Last December 14, a solar eclipse was observed in continental Chile, whose total band covered the regions of La Araucanía, Los Ríos and Biobío (Mocha Island). To transmit it to the world from the south of the country, Las Campanas Observatory, together with the Carnegie Institution for Science and the Institute of Astrophysics at Pontificia Universidad Católica de Chile, moved to the Araucanía Region to carry out an inclusive streaming of this astronomical phenomenon, designed so that visually impaired people could also enjoy this moment.
The transmission was made from the Villarrica Volcano, in the commune of Pucón (Province of Cautín), at an altitude of more than 1400 meters.
This eclipse completely obscured the Araucanía Region and surrounding areas, being also partially visible throughout the country, but unfortunately, much of the entire area was completely cloudy. However, the particularity of the transmission made by Las Campanas Observatory is that, despite the bad weather in the area, it allowed the phenomenon to be heard, thanks to the light sounding device known as LightSound.
The LightSound was donated to the Chilean community by Harvard University and the International Astronomical Union, and this year it was replicated in our country by the Chilean Inclusive Astronomy group. With this, a unique moment in science and astronomy came within reach of thousands of people.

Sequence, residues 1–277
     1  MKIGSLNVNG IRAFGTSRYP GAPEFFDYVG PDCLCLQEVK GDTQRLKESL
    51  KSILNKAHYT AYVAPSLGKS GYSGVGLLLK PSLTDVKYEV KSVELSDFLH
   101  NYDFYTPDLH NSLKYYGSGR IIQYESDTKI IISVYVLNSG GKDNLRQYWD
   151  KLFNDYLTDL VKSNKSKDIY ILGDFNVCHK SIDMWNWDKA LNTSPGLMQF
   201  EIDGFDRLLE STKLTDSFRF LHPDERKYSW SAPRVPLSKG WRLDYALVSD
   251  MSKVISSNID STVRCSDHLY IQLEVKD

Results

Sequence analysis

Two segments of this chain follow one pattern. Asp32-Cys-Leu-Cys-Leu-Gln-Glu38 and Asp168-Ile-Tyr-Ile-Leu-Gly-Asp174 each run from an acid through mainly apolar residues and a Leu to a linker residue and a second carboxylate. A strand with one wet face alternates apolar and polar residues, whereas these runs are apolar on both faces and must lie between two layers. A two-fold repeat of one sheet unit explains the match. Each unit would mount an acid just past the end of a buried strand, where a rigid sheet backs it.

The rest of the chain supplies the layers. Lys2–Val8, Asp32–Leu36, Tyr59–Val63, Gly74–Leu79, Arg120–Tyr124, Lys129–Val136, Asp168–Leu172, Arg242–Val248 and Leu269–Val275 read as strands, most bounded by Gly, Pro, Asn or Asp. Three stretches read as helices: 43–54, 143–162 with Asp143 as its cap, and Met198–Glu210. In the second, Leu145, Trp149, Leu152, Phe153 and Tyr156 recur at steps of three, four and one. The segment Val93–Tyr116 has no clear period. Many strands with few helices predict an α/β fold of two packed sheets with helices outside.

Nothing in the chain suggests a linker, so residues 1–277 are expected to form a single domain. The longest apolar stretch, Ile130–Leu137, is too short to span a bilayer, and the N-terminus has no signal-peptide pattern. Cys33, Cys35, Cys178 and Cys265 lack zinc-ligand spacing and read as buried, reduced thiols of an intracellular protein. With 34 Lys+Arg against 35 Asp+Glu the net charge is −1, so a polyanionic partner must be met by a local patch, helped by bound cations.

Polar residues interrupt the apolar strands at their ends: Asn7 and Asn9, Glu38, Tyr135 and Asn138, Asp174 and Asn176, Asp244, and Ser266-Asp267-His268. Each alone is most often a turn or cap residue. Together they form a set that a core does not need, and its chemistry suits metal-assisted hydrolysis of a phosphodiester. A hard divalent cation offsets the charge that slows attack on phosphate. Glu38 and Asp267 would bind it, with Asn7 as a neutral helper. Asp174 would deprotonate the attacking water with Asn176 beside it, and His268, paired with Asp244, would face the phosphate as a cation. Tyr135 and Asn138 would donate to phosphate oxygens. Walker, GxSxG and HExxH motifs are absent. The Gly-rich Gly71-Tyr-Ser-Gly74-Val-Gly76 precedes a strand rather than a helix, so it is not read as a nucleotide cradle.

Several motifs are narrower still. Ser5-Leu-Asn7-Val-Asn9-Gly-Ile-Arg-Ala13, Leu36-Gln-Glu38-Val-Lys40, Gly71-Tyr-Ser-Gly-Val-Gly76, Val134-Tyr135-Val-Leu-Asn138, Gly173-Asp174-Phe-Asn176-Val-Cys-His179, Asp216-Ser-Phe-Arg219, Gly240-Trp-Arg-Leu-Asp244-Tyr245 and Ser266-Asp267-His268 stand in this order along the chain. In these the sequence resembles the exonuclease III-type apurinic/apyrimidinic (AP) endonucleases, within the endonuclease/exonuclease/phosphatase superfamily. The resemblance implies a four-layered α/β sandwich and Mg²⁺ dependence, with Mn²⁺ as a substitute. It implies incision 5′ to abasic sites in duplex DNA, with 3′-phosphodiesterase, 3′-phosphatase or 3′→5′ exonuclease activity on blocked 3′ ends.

The moon completely covered the solar disk at 13:03 hours, for 2 minutes 8 seconds, as seen from the transmission area. At that time, the temperature decrease was about 4 degrees Celsius. “Despite the clouds and rain, we all feel that recollection of a natural astronomical event that goes beyond our daily experience”, says Dr. Leopoldo Infante, director of Las Campanas Observatory.
From the beginning of 2020, the Las Campanas Observatory joined the institutions present in Chile that seek to make astronomy a science for the entire population, one hundred percent inclusive in all its aspects.
“In our efforts to be inclusive, so that everyone can experience the greatness of our natural world, we saw this eclipse as an opportunity to reach out to the blind through the LightSound. We are happy with this contribution, however small, but it makes us great as a humanity”, emphasizes Infante.
The event was led by the Institute of Astrophysics UC and counted with the collaboration of Las Campanas Observatory (Carnegie Institution for Science), the Municipality of Pucón, Pucón TV, the regional channel network Arcatel, Astronomía Inclusiva and the Fundación Pequeñas Grandes Estrellas.
Las Campanas Observatory was also part of the “Curious Eclipse Kit” initiative of the inclusive Dedoscopio project. Thanks to this initiative, 140 kits were sent to visually impaired people and their families living in 13 municipalities of Araucania and Los Rios.
In addition, Las Campanas Observatory disseminated capsules in social networks with the purpose of explaining various aspects related to solar eclipses, such as the science that can be done with them, the generation of energy on the Sun, the history of total solar eclipses in Chile and the initiatives of inclusive astronomy carried out in the country. Currently, an audiovisual production is being prepared that will bring together all these capsules and will include the perceptions of the event held in Pucón.
The image illustrating the note was taken on July 2, 2019, by Polish astronomer Radek Poleski of the OGLE team.